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  • The restoration of the Mopti Mosque in Mali, completed in 2006, has been followed by an urban regeneration programme aimed at raising the standard of living for local residents.
    AKDN / Lucas Cuervo Moura
Aga Khan Trust for Culture
Historic cities: Leveraging culture to alleviate poverty

The revitalisation of historic buildings and public spaces not only restores hope to impoverished neighbourhoods, but also provides a socio-economic stimulus. Following the completion of the restoration of the Great Mosque of Mopti in 2006, the Aga Khan Trust for Culture (AKTC) implemented an urban regeneration programme that aimed to raise the standard of living for residents in the Komoguel area. Creating safer water and sanitation infrastructures was central to achieving this improved standard of living.

Several public water points were established to increase access to safe, clean drinking water; an underground sewerage system was built with connections to individual households in the area; a treatment facility for raw sewage was installed; 4,000 square metres of streets were paved with locally manufactured bricks made from recycled polythene bags and sand; and a system for collection of solid waste was introduced.

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Al-Azhar Park in Cairo, Egypt – a 500-year-old garbage dump turned green oasis for tens of millions of urban dwellers.
Copyright: 
AKDN / Christian Richters

Mopti is exemplar of the locations in which AKTC works: Cairo, Kabul and Delhi, to name a few. In each of these historic cities, the Trust has endeavoured to create a critical mass of activities that not only focuses on the restoration of monuments, but the creation of public spaces, water and sanitation improvements, education and health initiatives, and microfinance. In Cairo, AKTC’s creation of the 30-hectare Azhar Park – a 500-year-old garbage dump turned green oasis for tens of millions of urban dwellers – catalysed a broader urban revitalisation project in the surrounding neighbourhood of Al-Darb al-Ahmar. In addition to conserving historic monuments and excavating an archaeological site, the project trained and employed local craftsmen, provided youth with vocational education, rehabilitated and constructed houses, paved 5,500 square metres of streets and installed over 3 kilometres of underground sewage systems to ensure safer sanitary conditions and better health.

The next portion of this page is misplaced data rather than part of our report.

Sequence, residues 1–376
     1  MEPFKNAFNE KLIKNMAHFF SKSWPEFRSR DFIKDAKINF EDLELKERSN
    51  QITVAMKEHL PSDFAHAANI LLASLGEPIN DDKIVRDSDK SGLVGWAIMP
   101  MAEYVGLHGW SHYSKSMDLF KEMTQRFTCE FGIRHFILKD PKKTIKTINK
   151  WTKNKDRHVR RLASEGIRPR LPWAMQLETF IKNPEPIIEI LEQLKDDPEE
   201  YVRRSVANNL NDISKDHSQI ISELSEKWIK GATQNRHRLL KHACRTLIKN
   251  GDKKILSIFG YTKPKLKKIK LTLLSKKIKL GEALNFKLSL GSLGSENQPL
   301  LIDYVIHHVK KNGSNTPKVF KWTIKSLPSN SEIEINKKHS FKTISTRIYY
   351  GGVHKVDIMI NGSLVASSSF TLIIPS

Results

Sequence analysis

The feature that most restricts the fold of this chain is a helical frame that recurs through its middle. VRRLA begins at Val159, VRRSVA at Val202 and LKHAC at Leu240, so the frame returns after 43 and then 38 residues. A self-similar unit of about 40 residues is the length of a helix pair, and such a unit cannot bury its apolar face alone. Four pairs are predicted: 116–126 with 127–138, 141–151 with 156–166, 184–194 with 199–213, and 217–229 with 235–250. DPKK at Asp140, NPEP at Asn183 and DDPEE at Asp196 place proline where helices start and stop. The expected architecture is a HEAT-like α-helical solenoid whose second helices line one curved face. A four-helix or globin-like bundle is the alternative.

"The work of revitalising the mosques is gradually being extended to their surrounding neighbourhoods to include all residential accommodation situated in the shadow of the minarets. How wonderfully symbolic it is that the outcome of efforts to restore the mosques should be to improve the quality of life of the people whose lives follow the same rhythm as theirs!"

-- His Highness the Aga Khan speaking at the ceremony of inauguration of the Great Mosque of Mopti, Mopti, Mali, 24 April 2008.